The Seestar S50 makes astrophotography simple. It’s nearly a push-button tool to take some decent pictures of distant celestial objects even when surrounded by city light pollution. ZWO produces it and it is controlled with their app on Android or iOS via Wi-Fi or Bluetooth. All you need is a tablet or phone and a stable surface on which to set the Seestar.
I received mine as a Christmas gift. It costs about as much as a PlayStation at $500 but rolls together features that would normally cost much more than that and require hours of experience processing images to produce similar results. I’ve been using it in my yard and took it once to the local observatory to demonstrate it. I captured a video short of it in action. It’s not super thrilling to watch it move to a target, but it gives an idea of its compact size, portability, and how it looks while in operation.
It weighs only 8lbs and fits inside a small foam case provided with it. In some sense, it’s too compact. During the demo at the local observatory, lots of people kept walking in front of it while it was imaging because they either couldn’t see where it was pointed or didn’t understand what part of it was pointed.
Setting up the Seestar involves little more than attaching the tripod, turning it on, connecting it to the app, and then telling it to align itself so it can go to objects. So long as the Seestar has line of sight with stars, it performs the alignment automatically. This is such a huge time saver over performing manual 3-star alignments with larger computerized scopes and mounts. The app then provides a list of recommended objects for the night but lets you search its library for many more, including comets, which is nice.
It comes with some neat bult-in features like a light pollution filter that can be turned on or off and is mechanical and internal to the Seestar; a built-in dew heater than can be turned on or off depending on how much you want to conserve battery life; a solar filter to attach to the outside of the scope; and the ability to change exposure times from 10s to 20s to 30s. I’ll get more into the exposure time aspect further down in this blog.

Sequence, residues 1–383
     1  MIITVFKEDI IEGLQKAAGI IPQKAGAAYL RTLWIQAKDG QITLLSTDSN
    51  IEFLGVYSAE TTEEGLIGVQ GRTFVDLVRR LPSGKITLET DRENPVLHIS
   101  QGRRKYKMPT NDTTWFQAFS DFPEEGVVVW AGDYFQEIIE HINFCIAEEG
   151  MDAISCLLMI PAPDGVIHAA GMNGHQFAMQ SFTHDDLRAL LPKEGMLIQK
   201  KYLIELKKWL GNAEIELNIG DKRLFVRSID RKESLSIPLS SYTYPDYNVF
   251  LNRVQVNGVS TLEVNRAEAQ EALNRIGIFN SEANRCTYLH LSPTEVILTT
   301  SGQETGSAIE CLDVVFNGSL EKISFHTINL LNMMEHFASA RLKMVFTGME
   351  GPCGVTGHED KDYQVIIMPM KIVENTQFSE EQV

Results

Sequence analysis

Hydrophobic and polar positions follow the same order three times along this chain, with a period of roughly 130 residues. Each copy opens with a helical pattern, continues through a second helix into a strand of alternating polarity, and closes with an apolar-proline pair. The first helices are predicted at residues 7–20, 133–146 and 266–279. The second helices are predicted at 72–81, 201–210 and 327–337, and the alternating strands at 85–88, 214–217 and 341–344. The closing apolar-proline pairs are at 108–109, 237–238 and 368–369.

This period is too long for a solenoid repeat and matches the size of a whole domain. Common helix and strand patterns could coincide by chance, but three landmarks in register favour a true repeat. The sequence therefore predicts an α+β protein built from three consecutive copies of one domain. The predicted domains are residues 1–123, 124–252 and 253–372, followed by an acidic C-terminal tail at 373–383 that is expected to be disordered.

As just a telescope, it’s not especially powerful as far as magnification. While it is capable of some planetary imaging, don’t expect amazing results, especially with anything smaller than Saturn.
It performs great with the Moon, but you’re limited to this perspective. Unless you want to zoom in on the image, you’re not getting any close-up views of other features.
The Seestar, as far as I’m aware, doesn’t perform image stacking on planetary imaging and Moon imaging (and presumably Sun imaging, which I haven’t tried). What you see is what you get when you take photos of those objects.
As far as the deepsky imaging, the Seestar displays a live imaging once it acquires a target. When you’re ready to take an image, it switches over to its live stacking mode. For the uninitiated, this means the scope begins to take picture after picture and combines them by finding the best average of each pixel from the images. This produces fine details and highlights otherwise dim aspects of the images.
Depending on the exposure settings selected in the advanced options, it begins taking 10/20/30s exposures of the target and live stacking them. You can watch the image of a practically invisible object come to life on your phone or tablet screen. After about 5 minutes of data collection, you typically can make out the target. This data collection time can take longer than 5 minutes because the Seestar software identifies star trailing and boots bad images automatically instead of stacking them. I’ve run it on a single image for over half an hour and there does seem to be a limit to how much more detail you can wring out of object. Clearer, darker skies contribute to this, of course.